Something In The Air is a sweet little film that is just a bit too big for itself. Revolution is in the air, and the film follows a group of students after the events of France in May of 1968. For those unfamiliar, don’t worry; all you need to know is given to you early. Students, artists, intellectuals, and political activists are speaking and acting out against outdated social conventions ranging from materialism to sexuality and clamoring for student rights. Think of them as more militant French hippies or artsy Occupiers and you have the right idea.
The students are highly literate, versed in Stalinism, Trotskyism, Maoism, Anarchy and more, but the screenplay is not so inaccessible as to require the same understanding from the viewer, who needs only to understand that there is a great deal of complexity of the political situation and to grasp that conflict is regular even among those who generally agree. In one of the more immediate arguments, an activist asks if revolutionary cinema—that is, a film advocating for a social or political revolution—should also employ revolutionary syntax. The filmmakers respond that such syntax would “confuse the proletariat” but their system would allow for education. Gilles (Clément Métayer) disagrees, and much of the film is about his journey to find some form of revolutionary, formalized artwork, albeit while balancing politics and (especially) love on the side.
Mapping the film from A to B is a mostly pointless task. Something In The Air is more about taking us through the lives and thought-cycles of young revolutionaries than making a judgment about their own politics. Hopefully the inner-conflict that plagues the youth is proof enough that their discourse can be just as problematic as what they are rebelling against. But girlfriends come and go, political opinions change, and people move from painters to filmmakers, activists to dancers, and more. Olivier Assayas has said the film is semi-autobiographical, and as such it would make more sense for the film to be about making sense of a time and place rather than focusing too heavily on a political conflict. If Something In The Air proves anything, it’s that sometimes things don’t make sense. We drift through life in a series of stop-and-start interests miring a few constant passions. People come and go, and we try to move on but are afraid to leave our friends behind. Most of the film’s obvious themes—the role and power of art, politics, youth—do not even arrive at uncertain conclusions. At the end of the film, they just keep going. Nothing has been settled yet, and nothing will be. These questions stay with us throughout life and the beauty of youth is that we are so captivated by them.
This is one of the film’s big weaknesses but also one of its most compelling strengths. With nothing concrete being suggested about the abstract problems raised throughout the question, it’s easy to see Something In The Air as an over-ambitious coming-of-age film that never finds its footing. At the same time, that lack of epiphany is also one of its biggest statements. The film keeps a smart distance from the revolution, leaving its characters to ponder it amongst themselves while the viewer gets a look at the bigger journey, the one of self-discovery, that the characters could not reflect on so easily. It’s no coincidence that both of Gilles’ contain a self-awareness that he doesn’t; Gilles is being pulled between artistic growth and the self-discovery that goes with it but is desperate to stay rooted in his own political truisms.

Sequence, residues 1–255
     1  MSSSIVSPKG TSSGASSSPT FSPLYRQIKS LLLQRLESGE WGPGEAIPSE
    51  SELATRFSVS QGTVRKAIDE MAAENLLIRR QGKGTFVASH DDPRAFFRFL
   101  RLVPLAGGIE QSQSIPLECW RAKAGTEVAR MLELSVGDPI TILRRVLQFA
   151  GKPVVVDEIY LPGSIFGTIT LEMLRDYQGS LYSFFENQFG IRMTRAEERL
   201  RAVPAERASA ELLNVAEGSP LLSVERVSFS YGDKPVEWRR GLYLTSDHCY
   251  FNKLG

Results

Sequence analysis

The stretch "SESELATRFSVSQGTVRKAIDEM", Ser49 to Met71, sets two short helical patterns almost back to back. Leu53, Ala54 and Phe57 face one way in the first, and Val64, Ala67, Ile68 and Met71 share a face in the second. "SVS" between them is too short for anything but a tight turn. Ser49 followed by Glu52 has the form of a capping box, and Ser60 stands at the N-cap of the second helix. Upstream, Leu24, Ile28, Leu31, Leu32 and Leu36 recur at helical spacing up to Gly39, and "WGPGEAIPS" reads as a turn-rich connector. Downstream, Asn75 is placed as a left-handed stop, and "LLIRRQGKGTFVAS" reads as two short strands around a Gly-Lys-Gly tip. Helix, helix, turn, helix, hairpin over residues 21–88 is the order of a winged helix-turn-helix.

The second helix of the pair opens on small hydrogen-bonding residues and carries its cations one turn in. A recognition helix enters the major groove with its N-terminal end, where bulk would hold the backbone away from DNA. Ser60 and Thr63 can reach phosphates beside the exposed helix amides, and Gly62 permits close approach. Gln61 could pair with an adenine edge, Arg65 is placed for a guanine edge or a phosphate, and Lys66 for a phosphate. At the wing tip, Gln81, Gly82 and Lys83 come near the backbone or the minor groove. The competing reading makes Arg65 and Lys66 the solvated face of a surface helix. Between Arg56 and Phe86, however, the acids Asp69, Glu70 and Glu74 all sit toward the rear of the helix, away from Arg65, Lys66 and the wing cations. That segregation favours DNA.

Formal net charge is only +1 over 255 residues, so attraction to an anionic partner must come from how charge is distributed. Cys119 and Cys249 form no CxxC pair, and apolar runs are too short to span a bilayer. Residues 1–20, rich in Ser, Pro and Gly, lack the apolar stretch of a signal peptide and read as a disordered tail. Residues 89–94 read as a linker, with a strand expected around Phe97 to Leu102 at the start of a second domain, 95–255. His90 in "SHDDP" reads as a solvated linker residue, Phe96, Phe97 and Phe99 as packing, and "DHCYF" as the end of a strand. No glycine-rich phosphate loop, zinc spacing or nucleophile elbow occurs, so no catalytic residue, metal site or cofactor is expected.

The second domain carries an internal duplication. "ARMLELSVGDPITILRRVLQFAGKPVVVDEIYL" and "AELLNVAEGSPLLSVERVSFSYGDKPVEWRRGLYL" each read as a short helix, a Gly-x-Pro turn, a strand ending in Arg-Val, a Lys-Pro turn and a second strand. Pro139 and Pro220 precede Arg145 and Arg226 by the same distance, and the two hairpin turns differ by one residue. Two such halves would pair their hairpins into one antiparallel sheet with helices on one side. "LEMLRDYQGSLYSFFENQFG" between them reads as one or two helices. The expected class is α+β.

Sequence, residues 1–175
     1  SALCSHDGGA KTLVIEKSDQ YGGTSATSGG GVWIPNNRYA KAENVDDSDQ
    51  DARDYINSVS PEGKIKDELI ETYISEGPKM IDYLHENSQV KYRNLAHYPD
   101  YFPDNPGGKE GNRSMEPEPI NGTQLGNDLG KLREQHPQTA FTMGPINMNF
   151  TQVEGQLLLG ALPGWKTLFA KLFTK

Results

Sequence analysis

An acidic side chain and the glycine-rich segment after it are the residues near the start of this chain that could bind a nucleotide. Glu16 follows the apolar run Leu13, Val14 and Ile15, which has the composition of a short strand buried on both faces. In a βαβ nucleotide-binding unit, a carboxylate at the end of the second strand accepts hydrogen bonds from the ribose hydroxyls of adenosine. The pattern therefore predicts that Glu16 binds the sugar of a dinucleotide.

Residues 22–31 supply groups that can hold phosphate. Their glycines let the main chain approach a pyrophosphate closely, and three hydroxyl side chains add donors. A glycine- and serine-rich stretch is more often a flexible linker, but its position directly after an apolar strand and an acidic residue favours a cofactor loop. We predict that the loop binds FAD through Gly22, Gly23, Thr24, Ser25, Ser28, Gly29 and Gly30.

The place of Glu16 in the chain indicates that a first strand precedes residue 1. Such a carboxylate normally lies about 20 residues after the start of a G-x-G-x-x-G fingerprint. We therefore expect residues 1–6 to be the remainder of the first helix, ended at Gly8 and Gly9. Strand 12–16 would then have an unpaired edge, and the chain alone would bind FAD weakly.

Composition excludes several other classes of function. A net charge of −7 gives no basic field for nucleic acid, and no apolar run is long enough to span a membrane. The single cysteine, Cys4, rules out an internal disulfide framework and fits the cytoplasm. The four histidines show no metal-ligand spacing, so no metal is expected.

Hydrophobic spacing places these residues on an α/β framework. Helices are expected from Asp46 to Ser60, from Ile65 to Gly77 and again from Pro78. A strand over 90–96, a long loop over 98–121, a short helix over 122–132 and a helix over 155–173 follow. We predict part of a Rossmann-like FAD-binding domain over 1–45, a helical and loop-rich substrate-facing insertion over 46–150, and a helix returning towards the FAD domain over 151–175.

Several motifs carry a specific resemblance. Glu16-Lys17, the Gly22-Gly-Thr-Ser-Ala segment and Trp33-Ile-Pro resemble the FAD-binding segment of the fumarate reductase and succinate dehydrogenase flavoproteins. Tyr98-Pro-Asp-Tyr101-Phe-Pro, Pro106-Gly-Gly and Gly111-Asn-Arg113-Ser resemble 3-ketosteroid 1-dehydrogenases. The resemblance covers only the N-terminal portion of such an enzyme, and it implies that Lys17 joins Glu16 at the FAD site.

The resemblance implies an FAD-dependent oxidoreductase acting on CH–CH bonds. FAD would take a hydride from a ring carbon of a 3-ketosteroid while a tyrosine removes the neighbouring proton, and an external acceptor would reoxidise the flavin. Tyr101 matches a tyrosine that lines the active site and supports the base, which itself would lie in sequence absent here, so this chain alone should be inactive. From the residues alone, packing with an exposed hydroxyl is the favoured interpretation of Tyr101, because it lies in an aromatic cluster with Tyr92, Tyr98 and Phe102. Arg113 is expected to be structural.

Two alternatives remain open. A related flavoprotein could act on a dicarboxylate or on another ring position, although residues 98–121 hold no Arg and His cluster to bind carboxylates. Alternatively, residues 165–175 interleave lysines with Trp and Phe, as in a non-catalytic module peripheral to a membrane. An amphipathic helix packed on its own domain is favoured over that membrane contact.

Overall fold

As literate as the script that displays all of that is, it’s Assayas direction that allows us to make sense of the quietly sprawling story. The most lyrical moments are the outdoor exteriors, where Eric Gautier makes natural light evoke memories and optimism in much the same way he did in Assayas’ Summer Hours, and the psychedelic soundtrack is utilized to great effect in everything from parties to picnics. Every exterior is beautifully and lovingly captured, as if Assayas’ is trying to recreate his fondest memories. Sometimes the memory is more sad than happy, but Assayas is reveling in the good that came of it. Even the melancholy is beautiful. The muted, distant approach doesn’t distract from its optimistic and loving outlook. There is a scene in which Gilles’ best friend joins a circle of friends on the grass, a man with a guitar playing songs of revolution, but the politics fade into the background, and a focused, close camera captures the beauty of the encounter. Politics are secondary to watching these people fall in love.
What Assayas’ is really celebrating is the determination and growth of youth. He’s celebrating the crazy side, and he’s showing the mistakes but emphasizing the intellect. It’s an ode to the fleeting moments of happiness and usefulness that color our best memories, beautifully envisioned in lyrical images and an appropriately drifting but strangely coherent narrative. Even a party full of heroin, lost love, and a bonfire going out of control is made arresting through expressionist lighting and a thick, trippy soundtrack. The bad memories become just as dear and important as the good ones.
That’s what makes Something In The Air great. These people are quintessentially young, with admiration and a paradoxical, self-assured doubt unique to the always-learning, artistically-inclined youth. It’s not about politics and changing the world, it’s about fighting to discover yourself and exhibiting a specifically youthful passion and love. When the film reaches its ending, the message is one that any art-loving youth can immediately relate to, free of pretenses, beautifully intimate, and simultaneously tragic and liberating.